On the Joe’s side, 4 cars remained in round 5. Mark Grimsley in his beautiful ’55 Chevy faced off with Dave Dill in the first semifinal matchup. Both drivers were set on kill on the starting line, as both of them turned it red, but the win went to Grimsley who was the quicker dialed car with a 5.01 dial in. In the next pair, MIR bracket regular Jeffrey Jones had been mowing through the field of quick door cars with his 5.50’s ’83 Omni. Jones was once again going to be chased, this time by Nathaniel Yount, in his 4.90’s Malibu. Yount had the advantage on the tree with a .013 to Jones’ .024, but Jeffrey was able to hang on to the win by a mere .012 as Yount killed just a little too much at the stipe, running 3 over his 4.94 dial. In the final, Jones left the line with a sizeable advantage over Grimsley, .016 to a .044. At the stripe, Jones held on to the win, slowing to a 5.598 on his 5.58 dial. With the win, Jones moved on to face off with Phil Stewart in the Pro’s vs. Joe’s runoff. In the runoff, Jones ended it early with a red light. The long time bracket racer knew he needed to be tighter on the tree than the .020’s he had been posting, so he rolled .005 out of the delay box. If he had left it alone, he would have been .000, but instead turned it -.005 red. For Jeffrey Jones, it was a repeat performance of 2013, as he turned it red in the runoff last year as well. Seeing the red light, Stewart lifted, and coasted his way to a cool $5,000 payday at Door Wars.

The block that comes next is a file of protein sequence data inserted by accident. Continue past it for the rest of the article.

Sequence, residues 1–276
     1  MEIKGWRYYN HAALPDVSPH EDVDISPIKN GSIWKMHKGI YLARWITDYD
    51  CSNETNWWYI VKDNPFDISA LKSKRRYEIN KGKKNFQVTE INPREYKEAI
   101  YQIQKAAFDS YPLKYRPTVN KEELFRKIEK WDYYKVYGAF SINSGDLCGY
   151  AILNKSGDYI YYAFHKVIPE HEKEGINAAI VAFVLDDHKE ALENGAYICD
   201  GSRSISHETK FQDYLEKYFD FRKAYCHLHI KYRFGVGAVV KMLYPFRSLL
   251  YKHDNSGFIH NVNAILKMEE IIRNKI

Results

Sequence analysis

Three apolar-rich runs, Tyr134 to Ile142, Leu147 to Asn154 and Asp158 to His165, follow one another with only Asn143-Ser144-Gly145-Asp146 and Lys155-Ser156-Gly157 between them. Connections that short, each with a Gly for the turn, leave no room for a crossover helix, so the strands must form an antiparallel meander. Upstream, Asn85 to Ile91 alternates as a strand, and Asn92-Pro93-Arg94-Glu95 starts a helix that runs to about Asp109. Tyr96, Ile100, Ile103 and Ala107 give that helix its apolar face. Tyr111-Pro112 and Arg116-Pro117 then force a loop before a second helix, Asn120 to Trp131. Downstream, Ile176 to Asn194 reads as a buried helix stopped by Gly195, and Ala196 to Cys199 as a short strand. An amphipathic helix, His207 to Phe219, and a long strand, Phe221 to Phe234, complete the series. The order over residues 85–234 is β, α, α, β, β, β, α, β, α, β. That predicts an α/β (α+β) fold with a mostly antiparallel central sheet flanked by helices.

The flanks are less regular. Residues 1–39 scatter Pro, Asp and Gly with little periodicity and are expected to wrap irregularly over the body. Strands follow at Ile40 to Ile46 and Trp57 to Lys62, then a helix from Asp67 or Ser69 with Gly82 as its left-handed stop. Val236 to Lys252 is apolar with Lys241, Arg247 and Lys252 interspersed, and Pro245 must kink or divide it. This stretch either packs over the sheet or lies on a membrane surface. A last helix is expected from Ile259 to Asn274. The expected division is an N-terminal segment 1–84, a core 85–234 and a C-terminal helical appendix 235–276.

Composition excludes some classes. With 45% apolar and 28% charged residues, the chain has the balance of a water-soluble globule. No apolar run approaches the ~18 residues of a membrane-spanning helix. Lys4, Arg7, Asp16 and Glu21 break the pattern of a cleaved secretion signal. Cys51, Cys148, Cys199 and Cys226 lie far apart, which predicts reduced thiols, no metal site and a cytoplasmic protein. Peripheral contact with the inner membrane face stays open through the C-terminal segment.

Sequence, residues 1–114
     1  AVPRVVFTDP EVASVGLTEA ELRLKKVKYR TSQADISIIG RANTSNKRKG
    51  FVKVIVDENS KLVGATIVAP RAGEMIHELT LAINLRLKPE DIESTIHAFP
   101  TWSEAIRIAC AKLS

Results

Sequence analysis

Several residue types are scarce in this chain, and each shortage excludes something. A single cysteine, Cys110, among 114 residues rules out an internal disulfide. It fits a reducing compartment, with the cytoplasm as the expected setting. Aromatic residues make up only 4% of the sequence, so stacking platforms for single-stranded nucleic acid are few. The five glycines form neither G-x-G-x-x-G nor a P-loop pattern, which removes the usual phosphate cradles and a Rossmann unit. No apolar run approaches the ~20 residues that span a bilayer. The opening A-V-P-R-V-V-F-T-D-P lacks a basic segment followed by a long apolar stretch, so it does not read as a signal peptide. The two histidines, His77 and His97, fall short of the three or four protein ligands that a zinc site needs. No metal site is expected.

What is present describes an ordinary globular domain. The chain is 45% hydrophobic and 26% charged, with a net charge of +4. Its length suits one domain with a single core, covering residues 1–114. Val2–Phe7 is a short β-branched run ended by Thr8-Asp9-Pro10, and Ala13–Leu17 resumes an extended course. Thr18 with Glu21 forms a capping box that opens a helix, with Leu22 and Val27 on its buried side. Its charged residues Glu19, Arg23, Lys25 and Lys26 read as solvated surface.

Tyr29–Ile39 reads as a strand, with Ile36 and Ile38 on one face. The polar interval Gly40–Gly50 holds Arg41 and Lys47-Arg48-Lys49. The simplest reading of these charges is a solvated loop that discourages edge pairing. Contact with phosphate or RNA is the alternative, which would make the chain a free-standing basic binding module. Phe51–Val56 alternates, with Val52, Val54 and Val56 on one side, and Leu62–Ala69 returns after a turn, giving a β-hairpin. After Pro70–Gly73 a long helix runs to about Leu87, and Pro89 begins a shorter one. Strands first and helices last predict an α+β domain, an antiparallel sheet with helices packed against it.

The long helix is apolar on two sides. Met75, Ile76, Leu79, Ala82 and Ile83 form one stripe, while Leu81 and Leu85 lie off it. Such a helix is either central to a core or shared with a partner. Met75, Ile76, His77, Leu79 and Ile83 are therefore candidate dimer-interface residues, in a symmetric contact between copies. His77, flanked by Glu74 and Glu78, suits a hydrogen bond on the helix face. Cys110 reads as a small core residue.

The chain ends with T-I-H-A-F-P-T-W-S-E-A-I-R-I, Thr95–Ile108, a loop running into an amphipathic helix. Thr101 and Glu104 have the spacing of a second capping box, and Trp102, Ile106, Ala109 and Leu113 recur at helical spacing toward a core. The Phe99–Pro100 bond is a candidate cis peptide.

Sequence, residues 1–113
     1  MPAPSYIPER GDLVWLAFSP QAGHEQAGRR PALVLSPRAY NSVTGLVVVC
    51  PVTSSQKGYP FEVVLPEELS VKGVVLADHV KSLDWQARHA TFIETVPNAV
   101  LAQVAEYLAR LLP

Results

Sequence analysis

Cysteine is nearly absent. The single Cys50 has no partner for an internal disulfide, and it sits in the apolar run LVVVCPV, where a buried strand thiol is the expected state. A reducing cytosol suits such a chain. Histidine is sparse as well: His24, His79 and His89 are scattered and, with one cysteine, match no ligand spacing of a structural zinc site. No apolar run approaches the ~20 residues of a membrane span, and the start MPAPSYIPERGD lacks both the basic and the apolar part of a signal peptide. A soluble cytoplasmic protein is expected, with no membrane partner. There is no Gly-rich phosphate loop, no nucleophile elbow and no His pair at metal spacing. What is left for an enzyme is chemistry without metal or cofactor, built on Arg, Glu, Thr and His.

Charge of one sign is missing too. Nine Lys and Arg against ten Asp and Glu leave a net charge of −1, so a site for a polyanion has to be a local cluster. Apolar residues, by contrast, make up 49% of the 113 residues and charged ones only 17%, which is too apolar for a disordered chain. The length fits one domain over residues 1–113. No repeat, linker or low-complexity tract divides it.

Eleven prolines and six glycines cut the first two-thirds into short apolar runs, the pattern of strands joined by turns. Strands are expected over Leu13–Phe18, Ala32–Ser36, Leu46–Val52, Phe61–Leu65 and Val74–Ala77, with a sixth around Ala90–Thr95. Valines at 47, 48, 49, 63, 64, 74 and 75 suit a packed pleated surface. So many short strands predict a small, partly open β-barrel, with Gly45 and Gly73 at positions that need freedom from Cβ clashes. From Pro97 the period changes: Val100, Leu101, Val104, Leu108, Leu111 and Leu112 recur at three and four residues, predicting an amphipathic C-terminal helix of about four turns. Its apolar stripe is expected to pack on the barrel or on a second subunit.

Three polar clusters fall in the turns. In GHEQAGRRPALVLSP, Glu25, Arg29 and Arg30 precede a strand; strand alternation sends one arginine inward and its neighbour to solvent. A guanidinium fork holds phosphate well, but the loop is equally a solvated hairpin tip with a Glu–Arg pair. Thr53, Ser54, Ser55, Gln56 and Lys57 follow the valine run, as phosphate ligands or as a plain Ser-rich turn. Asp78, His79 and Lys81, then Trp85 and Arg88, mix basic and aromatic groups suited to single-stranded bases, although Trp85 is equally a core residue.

On Sunday, even with just one qualifying run, the bump and number 1 qualifying numbers were nearly identical. The bump was held down with a 4.781 by Ricky Tibbs, with Randy Perkinson once again taking the number 1 qualifying position with a stout 4.200. Saturday’s big winner, Phil Stewart went down in round 1 with a -.001 red light. Round 1 saw the slower qualified car win in all matchups save one, where Ron Riegel, the number 6 qualifier took down number 11, Doug Farace. Heading into the semifinals, Riegel was still alive as he faced off with Travis Hash. In what turned out to be a great race, Hash took the round win with a nice lap. He had a .001 advantage off the tree, with a .011 light and took just .006 at the stripe to move on to the final. In the other matchup, Saturday semifinalist, Ricky Tibbs, faced off with Mike Alexander Sr. Tibbs result turned out to be the same again on Sunday, as Alexander made a very nice lap, leaving with a .005 light to Tibbs’ .027 and taking just .010 at the stripe, running 1 over his dial. Tibbs ran 4.770 on his 77 dial, but Alexander’s .017 package was more than he could overcome. In the Pro’s final, Hash left with a small .006 advantage on the tree, but at the stripe, Alexander prevailed by running dead-on his dial with a 4.712 on a 4.71 while Hash broke out taking the stripe by .019. Alexander had already secured himself a $2,000 payday, now all he could do was wait to see who his Joe’s opponent would be in the runoff.